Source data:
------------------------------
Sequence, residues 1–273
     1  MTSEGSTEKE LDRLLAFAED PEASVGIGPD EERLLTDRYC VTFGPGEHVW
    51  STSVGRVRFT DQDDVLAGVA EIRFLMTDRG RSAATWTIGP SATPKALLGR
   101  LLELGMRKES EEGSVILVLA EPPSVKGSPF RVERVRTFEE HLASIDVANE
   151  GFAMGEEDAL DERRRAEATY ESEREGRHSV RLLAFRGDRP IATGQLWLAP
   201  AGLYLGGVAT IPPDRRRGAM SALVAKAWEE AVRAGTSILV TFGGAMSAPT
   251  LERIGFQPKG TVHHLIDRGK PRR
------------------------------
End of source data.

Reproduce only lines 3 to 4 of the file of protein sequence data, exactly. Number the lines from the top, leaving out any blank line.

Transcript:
    51  STSVGRVRFT DQDDVLAGVA EIRFLMTDRG RSAATWTIGP SATPKALLGR
   101  LLELGMRKES EEGSVILVLA EPPSVKGSPF RVERVRTFEE HLASIDVANE